Despite the clear benefits of cardiac rehabilitation, the use of such programs remains dismally low. Of eligible patients, only 14% to 35% of heart attack survivors7,8 and ≈31% of patients after coronary bypass grafting surgery7 participate in a CR/SPP. Lack of accessibility to program sites and lack of insurance coverage contribute to the vast underuse of cardiac rehabilitation services.3 Another major factor is a low patient referral rate, particularly of women, older adults, and ethnic minorities, to CR/SPP services.3 Accordingly, patients in these latter groups are the least likely to participate in cardiac rehabilitation.7 This is especially noteworthy because women and minorities are significantly more likely to die within 5 years after a first MI compared with white male patients.1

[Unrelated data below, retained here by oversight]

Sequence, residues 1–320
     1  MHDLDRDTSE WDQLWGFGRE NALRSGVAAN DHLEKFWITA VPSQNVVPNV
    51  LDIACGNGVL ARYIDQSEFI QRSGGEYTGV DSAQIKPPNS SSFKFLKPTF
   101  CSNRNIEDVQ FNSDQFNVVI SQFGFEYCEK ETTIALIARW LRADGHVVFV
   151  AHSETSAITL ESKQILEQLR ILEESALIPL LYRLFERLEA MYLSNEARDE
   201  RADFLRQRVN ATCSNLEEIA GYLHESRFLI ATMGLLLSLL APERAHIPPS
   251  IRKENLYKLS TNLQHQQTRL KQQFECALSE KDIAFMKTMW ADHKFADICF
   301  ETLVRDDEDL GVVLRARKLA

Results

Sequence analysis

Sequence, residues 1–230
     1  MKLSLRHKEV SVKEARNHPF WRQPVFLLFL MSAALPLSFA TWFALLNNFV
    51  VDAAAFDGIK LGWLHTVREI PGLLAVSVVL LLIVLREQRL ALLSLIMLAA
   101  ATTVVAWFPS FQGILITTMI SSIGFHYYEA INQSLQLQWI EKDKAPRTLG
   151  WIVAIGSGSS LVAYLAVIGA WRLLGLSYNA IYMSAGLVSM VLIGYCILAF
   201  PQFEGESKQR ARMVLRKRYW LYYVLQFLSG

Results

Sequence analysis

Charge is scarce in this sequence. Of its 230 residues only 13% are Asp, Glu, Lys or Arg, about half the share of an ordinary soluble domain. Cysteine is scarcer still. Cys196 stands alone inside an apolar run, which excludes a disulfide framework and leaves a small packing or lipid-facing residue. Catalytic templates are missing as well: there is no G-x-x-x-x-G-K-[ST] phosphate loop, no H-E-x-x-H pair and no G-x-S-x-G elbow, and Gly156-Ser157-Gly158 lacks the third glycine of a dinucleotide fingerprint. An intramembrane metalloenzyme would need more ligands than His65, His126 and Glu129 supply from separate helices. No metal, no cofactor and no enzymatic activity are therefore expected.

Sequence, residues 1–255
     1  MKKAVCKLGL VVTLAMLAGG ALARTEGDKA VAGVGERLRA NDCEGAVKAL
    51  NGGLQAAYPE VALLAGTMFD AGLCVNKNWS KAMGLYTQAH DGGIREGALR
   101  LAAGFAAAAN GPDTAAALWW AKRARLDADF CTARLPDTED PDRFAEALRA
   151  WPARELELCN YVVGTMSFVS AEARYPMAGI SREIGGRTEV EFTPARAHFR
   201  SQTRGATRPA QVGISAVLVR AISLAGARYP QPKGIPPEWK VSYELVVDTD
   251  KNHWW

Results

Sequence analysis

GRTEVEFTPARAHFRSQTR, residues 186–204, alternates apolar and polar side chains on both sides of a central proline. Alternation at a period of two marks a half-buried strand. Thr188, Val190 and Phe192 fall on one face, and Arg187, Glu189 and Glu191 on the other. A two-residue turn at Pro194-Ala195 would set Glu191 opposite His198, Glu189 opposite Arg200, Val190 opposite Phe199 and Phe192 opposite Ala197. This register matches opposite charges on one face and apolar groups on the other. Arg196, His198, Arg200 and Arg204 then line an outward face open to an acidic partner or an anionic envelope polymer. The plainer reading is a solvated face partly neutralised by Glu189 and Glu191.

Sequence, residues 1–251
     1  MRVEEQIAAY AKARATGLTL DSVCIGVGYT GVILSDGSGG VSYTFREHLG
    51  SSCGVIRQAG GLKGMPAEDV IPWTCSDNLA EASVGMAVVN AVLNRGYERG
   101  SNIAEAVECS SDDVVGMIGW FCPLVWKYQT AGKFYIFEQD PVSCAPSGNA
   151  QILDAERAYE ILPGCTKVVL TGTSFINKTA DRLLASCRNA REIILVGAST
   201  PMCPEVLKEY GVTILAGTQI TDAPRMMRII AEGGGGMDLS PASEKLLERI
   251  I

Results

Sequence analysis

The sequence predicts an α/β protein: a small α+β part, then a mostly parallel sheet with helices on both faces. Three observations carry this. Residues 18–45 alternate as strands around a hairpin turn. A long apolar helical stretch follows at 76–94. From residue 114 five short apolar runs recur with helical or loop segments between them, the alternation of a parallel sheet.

The remarkably wide treatment gap between scientific evidence of the benefits of cardiac rehabilitation and clinical implementation of rehabilitation programs is unacceptable.” (

Women should find it outrageous that despite the research by major well respected outlets they still receive sub-par treatment when compared to men. In my estimation, the only way to change this is for women to take their healthcare seriously and advocate on behalf of themselves. I told the woman that emailed me from Georgia to go to a different cardiologist.  Keep going to a different doctor until you find the one that will take you seriously and will provide you the level of care that you deserve.  I am on my 4th cardiologist and have finally found the one.

I was fortunate that in my situation, I called 911, had a cardiac team waiting on me when I arrived at the hospital, received very quick treatment and was referred to cardiac rehab.  I had no idea that this was not the norm until I started meeting other women who were sent home from the hospital mid heart attack.  They were sent home because they had the flu, they had pulled a back muscle, were having an asthma attack or had indigestion–anything but a heart attack. Once they finally received proper cardiac care, they aren’t referred to cardiac rehab. Unimaginable!